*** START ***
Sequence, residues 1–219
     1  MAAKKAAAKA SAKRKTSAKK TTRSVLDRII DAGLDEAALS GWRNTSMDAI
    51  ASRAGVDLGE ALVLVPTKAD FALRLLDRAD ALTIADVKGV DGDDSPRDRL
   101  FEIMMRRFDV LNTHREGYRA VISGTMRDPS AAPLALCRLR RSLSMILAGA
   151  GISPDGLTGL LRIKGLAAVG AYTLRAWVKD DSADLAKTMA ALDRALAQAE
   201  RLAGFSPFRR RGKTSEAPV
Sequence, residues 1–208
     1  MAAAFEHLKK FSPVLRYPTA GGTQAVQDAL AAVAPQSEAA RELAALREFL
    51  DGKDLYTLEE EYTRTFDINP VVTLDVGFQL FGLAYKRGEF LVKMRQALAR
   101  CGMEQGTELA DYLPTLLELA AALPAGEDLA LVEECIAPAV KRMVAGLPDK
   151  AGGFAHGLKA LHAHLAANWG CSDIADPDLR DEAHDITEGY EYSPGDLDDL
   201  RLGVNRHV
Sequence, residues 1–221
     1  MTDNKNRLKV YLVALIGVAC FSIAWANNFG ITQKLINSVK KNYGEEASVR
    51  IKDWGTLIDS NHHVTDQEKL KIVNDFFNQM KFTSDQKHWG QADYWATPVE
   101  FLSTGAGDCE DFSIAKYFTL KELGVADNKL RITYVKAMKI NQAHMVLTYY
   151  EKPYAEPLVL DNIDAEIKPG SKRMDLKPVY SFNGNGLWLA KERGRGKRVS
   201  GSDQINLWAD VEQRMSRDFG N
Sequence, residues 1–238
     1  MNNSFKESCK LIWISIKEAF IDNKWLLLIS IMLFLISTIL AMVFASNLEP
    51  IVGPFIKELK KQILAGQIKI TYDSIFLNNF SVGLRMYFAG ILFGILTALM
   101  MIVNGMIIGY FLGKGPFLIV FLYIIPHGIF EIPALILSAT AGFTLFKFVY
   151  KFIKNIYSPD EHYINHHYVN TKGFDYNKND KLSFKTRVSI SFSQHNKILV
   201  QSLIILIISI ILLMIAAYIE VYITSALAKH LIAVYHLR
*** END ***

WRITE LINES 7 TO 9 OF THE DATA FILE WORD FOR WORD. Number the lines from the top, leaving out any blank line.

Sequence, residues 1–208
     1  MAAAFEHLKK FSPVLRYPTA GGTQAVQDAL AAVAPQSEAA RELAALREFL
    51  DGKDLYTLEE EYTRTFDINP VVTLDVGFQL FGLAYKRGEF LVKMRQALAR